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Economy Camping Knife Review: MTech, Tac-Force, and Survivor

Camping knives need to be durable. They should be able to handle a variety of tasks from as simple as cutting rope to splitting wood. There are a number of knives on the market that are great for first-time campers and are within a reasonable price range. For our purpose, we wanted to see what would hold up to the car camping experience. This includes cutting rope, creating a feather stick, and splitting wood (specifically campfire wood you’d find in stores). Then there are the basics of general feel of the knife: Is it comfortable to hold and use?

Mtech Tactical Minimalist Rescue Spring Assist

Application Tests

Feather Stick: Poor
Splitting Wood: N/A
Rope: Clean cut

How it Feels

The Mtech Tactical Minimalist Knife’s balance point is just below the bolster, giving you good control over the blade when performing basic tasks. The beveled tip adds more cutting angles, but it also makes it a bit more dangerous when using. The handle is cut in a way to display the design of the blade; however, this creates an uneven hold. It feels that a quarter of the handle is missing. In a men’s large hand, it was a little uncomfortable to hold for any extended use. We did like the addition of the glass breaking tip and bottle opener on the butt of the knife. It’s a good car camping knife for smaller tasks around the campsite.


Mtech Xtreme Tactical Knife

Application Tests

Feather Stick: Good
Splitting Wood: N/A
Rope: Clean cut

Hot it Feels

The Mtech Tactical Knife is a solid knife with a good balance between the blade and the handle. It’s heavy enough to know that you’re holding a tool, but it’s not excessive. The blade stuck a bit when opening, and the spring wasn’t able to push the blade to the fully open position, which can be a hazard; however, it’s not something that loosening the pivot screw didn’t solve. This amount of adjustment of the Mtech Tactical appears to be typical for economy knives; however, the knife fit comfortably in the hand when cutting kindling.


Tac-Force Speedster Tactical Knife

Application Tests

Feather Stick: Good
Splitting Wood: N/A
Rope: Clean cut

How it Feels

Out of the box, the spring assist on the Tac-Force Tactical Knife wasn’t strong enough to open the blade to the fully locked position. This can create a hazardous scenario if you’re expecting it to open on the first flick. Loosening the pivot screw helped a lot. Overall, the knife had a good feel in the hand with the fingers fitting comfortably around the handle. There was no noticeable give in the blade when in the open position.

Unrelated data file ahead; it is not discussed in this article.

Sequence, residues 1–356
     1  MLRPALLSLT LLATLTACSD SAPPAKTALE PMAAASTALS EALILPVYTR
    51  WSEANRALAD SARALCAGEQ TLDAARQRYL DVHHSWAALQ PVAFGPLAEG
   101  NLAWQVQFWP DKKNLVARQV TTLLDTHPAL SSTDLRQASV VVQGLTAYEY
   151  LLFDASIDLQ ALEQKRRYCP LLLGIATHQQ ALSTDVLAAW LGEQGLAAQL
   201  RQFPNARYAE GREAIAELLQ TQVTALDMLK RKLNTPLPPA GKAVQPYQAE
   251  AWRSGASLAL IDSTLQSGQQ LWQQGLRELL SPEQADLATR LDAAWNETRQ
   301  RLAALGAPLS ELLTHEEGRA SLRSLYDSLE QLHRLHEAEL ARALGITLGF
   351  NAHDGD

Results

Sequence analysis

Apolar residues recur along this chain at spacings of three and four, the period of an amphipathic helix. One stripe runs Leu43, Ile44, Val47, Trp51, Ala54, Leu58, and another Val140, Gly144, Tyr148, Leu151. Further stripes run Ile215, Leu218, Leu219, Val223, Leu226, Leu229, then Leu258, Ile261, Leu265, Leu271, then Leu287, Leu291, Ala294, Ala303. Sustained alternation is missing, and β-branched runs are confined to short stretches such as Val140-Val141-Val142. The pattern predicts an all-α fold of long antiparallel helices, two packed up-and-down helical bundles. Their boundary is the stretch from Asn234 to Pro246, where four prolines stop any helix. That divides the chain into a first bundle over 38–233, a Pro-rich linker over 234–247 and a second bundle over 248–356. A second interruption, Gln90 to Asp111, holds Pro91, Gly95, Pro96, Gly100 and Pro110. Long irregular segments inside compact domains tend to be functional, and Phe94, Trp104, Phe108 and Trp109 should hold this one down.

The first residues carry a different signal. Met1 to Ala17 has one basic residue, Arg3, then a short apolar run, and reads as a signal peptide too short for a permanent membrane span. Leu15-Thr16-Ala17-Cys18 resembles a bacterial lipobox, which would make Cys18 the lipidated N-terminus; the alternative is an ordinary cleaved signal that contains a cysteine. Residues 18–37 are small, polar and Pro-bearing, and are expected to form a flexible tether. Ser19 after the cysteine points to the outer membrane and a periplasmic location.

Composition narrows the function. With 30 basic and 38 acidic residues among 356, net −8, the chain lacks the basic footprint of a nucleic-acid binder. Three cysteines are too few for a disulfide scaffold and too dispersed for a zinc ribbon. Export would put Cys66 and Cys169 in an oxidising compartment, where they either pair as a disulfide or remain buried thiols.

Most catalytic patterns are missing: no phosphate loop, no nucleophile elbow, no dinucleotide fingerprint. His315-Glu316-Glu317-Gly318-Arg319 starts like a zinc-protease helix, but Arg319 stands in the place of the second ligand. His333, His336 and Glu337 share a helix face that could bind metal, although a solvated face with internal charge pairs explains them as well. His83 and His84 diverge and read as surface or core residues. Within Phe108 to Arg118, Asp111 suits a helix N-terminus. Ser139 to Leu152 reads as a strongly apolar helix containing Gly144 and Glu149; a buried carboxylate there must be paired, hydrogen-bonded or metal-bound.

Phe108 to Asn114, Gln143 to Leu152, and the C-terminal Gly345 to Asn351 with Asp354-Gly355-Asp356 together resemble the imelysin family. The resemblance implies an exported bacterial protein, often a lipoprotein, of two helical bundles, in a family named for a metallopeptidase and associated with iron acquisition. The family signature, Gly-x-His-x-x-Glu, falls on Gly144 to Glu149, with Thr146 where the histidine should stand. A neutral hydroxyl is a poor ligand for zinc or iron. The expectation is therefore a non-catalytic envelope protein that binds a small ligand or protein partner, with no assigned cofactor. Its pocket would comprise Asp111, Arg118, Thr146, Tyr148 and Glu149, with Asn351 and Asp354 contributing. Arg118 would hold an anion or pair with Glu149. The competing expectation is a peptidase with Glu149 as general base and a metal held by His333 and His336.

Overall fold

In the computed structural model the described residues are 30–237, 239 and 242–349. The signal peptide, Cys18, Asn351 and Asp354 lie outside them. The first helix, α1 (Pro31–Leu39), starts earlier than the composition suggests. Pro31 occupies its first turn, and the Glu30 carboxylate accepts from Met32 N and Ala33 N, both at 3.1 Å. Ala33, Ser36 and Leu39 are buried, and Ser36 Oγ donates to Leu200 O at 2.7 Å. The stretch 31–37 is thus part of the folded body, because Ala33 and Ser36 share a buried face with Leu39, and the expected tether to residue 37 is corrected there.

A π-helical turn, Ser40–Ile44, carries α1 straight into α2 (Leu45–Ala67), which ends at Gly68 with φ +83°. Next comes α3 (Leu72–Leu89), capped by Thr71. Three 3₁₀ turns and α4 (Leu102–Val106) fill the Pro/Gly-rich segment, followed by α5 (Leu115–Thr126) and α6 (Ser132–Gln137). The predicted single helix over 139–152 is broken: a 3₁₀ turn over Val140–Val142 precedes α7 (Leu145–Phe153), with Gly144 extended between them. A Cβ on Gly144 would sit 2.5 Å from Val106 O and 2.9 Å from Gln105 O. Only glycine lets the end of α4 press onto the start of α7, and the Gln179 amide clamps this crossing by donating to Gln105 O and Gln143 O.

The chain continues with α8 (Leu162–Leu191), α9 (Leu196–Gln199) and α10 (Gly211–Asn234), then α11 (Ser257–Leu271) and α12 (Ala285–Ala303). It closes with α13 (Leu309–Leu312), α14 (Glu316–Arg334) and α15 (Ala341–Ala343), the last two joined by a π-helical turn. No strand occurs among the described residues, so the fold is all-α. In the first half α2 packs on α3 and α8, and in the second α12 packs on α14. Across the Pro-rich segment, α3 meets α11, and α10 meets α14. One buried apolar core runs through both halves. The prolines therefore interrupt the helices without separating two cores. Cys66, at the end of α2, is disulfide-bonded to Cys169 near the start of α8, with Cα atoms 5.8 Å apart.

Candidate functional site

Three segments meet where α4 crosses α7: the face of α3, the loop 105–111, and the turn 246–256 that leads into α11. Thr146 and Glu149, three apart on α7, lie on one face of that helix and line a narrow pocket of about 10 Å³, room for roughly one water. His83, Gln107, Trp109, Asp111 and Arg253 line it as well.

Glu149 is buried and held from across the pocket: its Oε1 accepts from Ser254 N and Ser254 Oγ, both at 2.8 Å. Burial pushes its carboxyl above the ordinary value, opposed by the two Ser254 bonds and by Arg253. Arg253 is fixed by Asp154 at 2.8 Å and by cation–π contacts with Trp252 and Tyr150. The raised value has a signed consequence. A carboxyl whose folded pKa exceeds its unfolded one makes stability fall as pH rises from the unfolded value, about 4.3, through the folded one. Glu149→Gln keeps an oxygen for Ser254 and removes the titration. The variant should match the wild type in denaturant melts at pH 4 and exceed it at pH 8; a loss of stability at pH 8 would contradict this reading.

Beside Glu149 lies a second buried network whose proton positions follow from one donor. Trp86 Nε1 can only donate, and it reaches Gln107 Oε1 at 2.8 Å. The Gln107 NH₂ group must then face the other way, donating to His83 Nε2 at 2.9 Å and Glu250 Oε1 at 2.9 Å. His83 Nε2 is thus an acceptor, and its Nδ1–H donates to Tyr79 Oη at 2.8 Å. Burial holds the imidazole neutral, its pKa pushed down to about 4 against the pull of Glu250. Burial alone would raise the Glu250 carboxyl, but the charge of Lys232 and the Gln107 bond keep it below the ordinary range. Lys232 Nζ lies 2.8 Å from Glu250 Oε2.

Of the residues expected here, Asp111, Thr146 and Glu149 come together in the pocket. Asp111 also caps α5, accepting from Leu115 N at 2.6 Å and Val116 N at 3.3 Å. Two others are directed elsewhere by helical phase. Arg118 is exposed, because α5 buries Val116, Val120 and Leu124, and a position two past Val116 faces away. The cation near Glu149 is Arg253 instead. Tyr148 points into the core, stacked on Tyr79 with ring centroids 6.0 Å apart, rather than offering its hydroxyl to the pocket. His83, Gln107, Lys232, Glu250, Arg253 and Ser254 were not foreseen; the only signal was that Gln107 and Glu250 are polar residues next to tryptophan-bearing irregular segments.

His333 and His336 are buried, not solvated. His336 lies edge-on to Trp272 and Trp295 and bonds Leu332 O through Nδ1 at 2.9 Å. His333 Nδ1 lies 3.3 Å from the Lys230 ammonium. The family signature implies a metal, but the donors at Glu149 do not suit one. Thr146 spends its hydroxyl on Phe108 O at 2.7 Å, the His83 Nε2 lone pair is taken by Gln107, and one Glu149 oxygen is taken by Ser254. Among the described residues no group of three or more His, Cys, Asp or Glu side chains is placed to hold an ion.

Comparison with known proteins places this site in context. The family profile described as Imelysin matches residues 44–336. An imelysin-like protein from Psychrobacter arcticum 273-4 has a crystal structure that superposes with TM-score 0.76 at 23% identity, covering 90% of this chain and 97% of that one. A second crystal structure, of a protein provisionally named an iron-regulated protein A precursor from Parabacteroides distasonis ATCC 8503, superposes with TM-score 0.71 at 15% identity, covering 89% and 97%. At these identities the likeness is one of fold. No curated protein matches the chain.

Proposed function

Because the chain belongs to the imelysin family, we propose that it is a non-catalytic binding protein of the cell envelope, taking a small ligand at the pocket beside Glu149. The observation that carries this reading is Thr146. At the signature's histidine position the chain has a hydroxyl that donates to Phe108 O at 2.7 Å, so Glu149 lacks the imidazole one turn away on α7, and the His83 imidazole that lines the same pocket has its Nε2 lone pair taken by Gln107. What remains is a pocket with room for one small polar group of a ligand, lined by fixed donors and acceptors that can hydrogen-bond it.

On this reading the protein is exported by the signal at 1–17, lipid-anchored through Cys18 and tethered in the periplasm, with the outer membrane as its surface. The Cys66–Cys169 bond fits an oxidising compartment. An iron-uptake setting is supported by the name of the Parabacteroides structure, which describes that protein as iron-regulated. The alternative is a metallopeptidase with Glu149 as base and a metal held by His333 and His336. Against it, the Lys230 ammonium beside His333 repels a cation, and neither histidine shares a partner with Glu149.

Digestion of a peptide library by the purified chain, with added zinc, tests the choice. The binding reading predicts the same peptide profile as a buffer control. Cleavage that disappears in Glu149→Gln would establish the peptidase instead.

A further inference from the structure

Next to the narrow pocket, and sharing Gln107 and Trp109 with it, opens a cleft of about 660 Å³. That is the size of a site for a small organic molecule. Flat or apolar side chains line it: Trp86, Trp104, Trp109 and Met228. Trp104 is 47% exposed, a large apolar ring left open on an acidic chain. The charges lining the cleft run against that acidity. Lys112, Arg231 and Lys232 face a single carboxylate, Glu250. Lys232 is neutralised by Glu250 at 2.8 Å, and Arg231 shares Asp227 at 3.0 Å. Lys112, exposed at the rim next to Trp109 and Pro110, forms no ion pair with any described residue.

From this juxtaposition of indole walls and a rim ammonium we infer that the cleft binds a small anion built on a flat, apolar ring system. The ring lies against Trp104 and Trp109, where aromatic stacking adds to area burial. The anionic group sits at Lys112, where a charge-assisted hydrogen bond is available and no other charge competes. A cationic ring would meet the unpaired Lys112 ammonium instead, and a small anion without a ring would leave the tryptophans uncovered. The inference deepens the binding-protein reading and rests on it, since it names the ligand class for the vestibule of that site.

Mtech Tanto Combat Blade

Application Tests

Feather Stick: Great
Splitting Wood: Great
Rope: Clean cut

How it Feels

The Mtech Tanto Combat Blade is a heavier knife compared to the other fixed blades; however, that’s due to the construction. Unlike the Mtech Stealth and Survivor Outdoorsman knives, the Mtech Tanto Combat Blade has a full tang, which means that there’s one piece of steel from tip to butt. This design adds a ton of strength to the knife, and we’d expect it to hold up for many seasons of camping.  We wish the handle pads were the same size as the tang. As it is, the tang peeks out on either side creating ridges that can dig into the hand when applying a lot of force. This is by design, and unfortunate, because we really enjoyed this knife. The tanto-style blade is a nice addition and creates another angle that grabs on to the wood for a longer slide.


Survivor Fixed Blade Outdoorsman Knife

Application Tests

Feather Stick: Moderate
Splitting Wood: Moderate
Rope: Clean cut

How it Feels

The Survivor Fixed Blade Outdoorsman Knife fits solidly in the hand and responds well to a variety of tasks. There’s a slightly noticeable gap between the decorative wood handle and metal bands that we believe may lead to cracking sometime down the line, but we anticipate this knife to maintain it’s integrity season after season. The snap on the sheath is easily undone with the thumb, making the knife easily accessible.


Mtech Fixed Blade Stealth Survival Knife

Application Tests

Feather (Fuzz) Stick: Good
Splitting Wood: Good
Rope: A bit toothy

How it Feels

The Mtech Stealth Survival Knife handle is considered a ‘tennis’ handle due to the rubberized plastic and designed texture for grip. If we were tasked with a lot of kindling, we may consider another knife; however, the extra compartment for the survival supplies is a nice touch. The compass is passable, but it’s not adequate for proper orienteering, and we’d be hesitant to recommend relying on it solely when you’re on the trail. The snap to release the knife from the sheath requires a little bit more leverage than some of the other knives we tested, but it’s by no means a struggle to get to the tool. The Mtech Stealth Survival Knife is a lighter than the others reviewed due to the hollowed handle, which is designed to house emergency supplies like waterproof matches, a compass, and a line. The knife is relatively well-balanced given it’s overall weight.